Fresno State news conference about professor’s Barbara Bush ‘racist’ tweet
A Fresno State professor called former first lady Barbara Bush an “amazing racist” who raised a “war criminal,” and expressed no concern that she could be fired or reprimanded for her outspokenness on social media.
Randa Jarrar, a professor in Fresno State’s Department of English, expressed her displeasure with the Bush family within an hour after the official announcement that Mrs. Bush died Tuesday at the age of 92.
“Barbara Bush was a generous and smart and amazing racist who, along with her husband, raised a war criminal,” Jarrar wrote on Twitter. “F--- outta here with your nice words.”
Jarrar’s tweet generated more than 2,000 replies back to her, with many upset at her and tagging Fresno State and University President Joseph Castro in their comments.
Jarrar, who in her Twitter messages describes herself as an Arab-American and a Muslim-American woman, goes on to maintain that she is a tenured professor and makes $100,000 a year.
“I will never be fired,” Jarrar tweeted.
In a separate tweet, she wrote: “If you'd like to know what it's like to be an Arab American Muslim American woman with some clout online expressing an opinion, look at the racists going crazy in my mentions right now.”
Jarrar even encouraged those of Twitter to reach out to Fresno State and to Castro, offering up their Twitter handles.
“What I love about being an American professor is my right to free speech, and what I love about Fresno State is that I always feel protected and at home here,” Jarrar wrote. “GO BULLDOGS!”
By around 10:21 p.m., Jarrar made her Twitter account private. The Fresno Bee took screen shots of her tweets when the account was public.
Jarrar also changed her Twitter bio, removing the titles of her books and instead writing, "Currently on leave from Fresno State. This is my private account and represents my opinions."
The university confirmed Jarrar has been on leave all semester.
On Amazon, negative reviews for her books began to appear, apparently in reaction to her tweets.
Fresno State, roughly three hours after Jarrar’s initial tweet about Bush, sent out a statement by Castro that addressed the outspoken professor.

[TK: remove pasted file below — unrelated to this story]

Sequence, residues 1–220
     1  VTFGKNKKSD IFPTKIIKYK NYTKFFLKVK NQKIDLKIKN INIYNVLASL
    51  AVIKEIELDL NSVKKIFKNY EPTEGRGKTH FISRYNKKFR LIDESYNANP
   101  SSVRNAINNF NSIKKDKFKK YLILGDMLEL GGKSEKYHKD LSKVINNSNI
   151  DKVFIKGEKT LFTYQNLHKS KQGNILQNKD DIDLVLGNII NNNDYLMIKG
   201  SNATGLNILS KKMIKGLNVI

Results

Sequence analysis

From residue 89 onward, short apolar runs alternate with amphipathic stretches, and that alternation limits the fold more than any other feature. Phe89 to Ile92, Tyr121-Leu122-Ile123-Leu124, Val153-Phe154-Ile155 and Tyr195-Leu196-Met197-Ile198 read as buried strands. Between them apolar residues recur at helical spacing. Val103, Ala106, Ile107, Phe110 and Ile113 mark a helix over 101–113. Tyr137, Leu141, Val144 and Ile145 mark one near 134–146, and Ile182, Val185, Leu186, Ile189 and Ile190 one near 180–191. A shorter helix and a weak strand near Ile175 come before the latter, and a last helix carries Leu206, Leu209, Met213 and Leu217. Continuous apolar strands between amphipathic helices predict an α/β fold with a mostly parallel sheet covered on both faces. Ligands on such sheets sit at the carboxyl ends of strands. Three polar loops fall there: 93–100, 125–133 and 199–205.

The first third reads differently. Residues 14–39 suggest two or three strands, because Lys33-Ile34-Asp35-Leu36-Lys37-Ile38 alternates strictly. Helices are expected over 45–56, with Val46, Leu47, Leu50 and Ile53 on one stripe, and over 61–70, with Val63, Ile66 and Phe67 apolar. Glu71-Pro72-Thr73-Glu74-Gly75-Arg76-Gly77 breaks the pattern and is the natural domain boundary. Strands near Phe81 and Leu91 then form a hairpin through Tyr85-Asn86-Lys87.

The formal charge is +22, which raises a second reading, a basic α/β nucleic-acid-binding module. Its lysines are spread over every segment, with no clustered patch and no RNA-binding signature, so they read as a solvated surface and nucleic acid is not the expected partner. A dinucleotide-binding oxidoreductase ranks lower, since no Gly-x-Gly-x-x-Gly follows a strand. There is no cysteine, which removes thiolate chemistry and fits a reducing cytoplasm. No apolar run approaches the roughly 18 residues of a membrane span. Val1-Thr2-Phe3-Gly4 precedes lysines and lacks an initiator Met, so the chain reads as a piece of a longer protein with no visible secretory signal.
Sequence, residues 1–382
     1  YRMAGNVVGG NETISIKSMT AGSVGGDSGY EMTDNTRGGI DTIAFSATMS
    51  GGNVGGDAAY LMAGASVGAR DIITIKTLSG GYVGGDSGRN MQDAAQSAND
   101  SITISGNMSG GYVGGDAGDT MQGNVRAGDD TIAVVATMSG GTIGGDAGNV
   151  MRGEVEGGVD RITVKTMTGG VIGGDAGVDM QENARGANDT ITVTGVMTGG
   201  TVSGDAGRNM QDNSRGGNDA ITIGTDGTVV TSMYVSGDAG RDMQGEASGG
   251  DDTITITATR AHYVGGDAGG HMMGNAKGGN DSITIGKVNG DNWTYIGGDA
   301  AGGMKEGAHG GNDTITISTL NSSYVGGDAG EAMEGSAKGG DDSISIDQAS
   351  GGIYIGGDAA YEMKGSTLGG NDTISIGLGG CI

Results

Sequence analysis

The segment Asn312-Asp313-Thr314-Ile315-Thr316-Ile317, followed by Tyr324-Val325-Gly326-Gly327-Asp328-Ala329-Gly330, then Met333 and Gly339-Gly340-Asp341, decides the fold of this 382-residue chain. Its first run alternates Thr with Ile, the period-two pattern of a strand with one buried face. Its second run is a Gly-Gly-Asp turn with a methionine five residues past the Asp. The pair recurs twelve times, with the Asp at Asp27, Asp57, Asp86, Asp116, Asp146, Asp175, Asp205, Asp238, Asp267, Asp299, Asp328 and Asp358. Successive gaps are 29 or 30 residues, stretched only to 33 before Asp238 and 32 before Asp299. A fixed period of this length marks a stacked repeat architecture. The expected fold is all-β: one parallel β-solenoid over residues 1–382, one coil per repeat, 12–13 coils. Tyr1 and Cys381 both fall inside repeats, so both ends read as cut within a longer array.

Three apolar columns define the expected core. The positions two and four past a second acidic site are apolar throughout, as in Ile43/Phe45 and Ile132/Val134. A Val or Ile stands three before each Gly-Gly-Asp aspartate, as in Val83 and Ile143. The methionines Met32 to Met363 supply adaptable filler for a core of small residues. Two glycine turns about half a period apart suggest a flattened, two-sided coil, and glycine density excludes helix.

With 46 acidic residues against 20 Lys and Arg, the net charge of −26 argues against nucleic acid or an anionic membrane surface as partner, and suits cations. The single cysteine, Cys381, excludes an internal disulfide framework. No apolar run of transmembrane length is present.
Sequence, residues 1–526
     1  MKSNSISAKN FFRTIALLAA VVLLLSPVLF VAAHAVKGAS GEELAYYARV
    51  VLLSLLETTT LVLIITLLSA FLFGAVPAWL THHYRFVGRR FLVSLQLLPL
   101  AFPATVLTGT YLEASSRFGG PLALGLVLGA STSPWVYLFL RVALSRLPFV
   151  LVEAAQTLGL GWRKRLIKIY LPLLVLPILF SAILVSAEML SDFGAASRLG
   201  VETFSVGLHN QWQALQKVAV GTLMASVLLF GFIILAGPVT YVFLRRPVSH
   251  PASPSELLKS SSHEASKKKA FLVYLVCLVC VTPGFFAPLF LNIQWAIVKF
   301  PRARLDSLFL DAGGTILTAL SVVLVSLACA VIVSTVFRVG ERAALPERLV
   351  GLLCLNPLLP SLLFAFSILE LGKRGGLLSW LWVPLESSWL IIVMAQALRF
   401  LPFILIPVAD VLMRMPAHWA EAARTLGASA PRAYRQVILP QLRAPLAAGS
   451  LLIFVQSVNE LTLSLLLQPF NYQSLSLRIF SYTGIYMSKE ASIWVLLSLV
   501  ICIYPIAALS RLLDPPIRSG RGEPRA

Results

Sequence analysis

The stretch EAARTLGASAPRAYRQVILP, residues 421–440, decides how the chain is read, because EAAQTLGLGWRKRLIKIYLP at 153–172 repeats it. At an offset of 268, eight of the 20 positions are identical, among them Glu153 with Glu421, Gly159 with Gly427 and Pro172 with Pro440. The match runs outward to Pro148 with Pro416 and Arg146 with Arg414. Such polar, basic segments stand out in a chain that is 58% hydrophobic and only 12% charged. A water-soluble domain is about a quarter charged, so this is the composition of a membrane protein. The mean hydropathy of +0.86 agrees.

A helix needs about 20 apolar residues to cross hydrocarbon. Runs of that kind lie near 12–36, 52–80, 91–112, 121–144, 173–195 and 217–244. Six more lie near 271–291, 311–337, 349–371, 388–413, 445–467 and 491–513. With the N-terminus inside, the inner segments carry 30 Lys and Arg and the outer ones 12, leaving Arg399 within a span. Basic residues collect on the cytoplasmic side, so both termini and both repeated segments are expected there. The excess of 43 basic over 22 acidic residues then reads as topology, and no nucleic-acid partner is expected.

“On behalf of Fresno State, I extend my deepest condolences to the Bush family on the loss of our former First Lady, Barbara Bush,” Castro says in the statement. “We share the deep concerns expressed by others over the personal comments made today by professor Randa Jarrar, a professor in the English department at Fresno State.
“Her statements were made as a private citizen, not as a representative at Fresno State.”
Castro also added: “Professor Jarrar’s expressed personal views and commentary are obviously contrary to the core values of our University, which include respect and empathy for individuals with divergent points of view, and a sincere commitment to mutual understanding and progress."
The university is still looking into the matter, according to spokeswoman Patti Waid.
Messages left with Jarrar were not immediately returned.
In a statement, an official from a civil liberties organization that specializes in campus free speech defended Jarrar's right to express herself.
"Fresno State correctly acknowledges that Jarrar's tweets were made as a private citizen," said Adam Steinbaugh, senior program officer for the Foundation for Individual Rights in Education. "As such, and because they touched upon a matter of public concern, Jarrar's tweets are unquestionably protected speech under the First Amendment and Fresno State has no power to censor, punish or terminate Jarrar for them."
According to Jarrar's bio on the Fresno State's website, Jarrar is an award-winning novelist, short story writer, essayist, and translator. She grew up in Kuwait and Egypt, and she moved to the U.S. after the Gulf War.
She received the 2014 Lannan Residency Program fellowship award, which is given for excellence in poetry writing, essays and scholarly articles as well as social justice activism.
One person who responded to Jarrar tagged U.S. Homeland Security and noted that the professor lives in Fresno.
To which Jarrar tweeted back: “LOL. @DHSgov has been watching me for like 25 years, bro. Our kids grew up together. But nice try.”
Jarrar was active on Twitter for at least five hours Tuesday, responding to some critics, retweeting others who also were critical of the Bush family and taunting those who attacked her physical appearance.
She also provided a telephone number as if it was her contact number. But the listed number ended up going to a suicide/crisis line.
A handful of Twitter users tweeted messages of support as the negative comments were pouring in.
Jasmine Leiva, a Fresno State graduate, called Jarrar "a gem" and said Fresno State was "lucky to have her."
"She cares about her students, is wildly talented, and told no lies," Leiva wrote.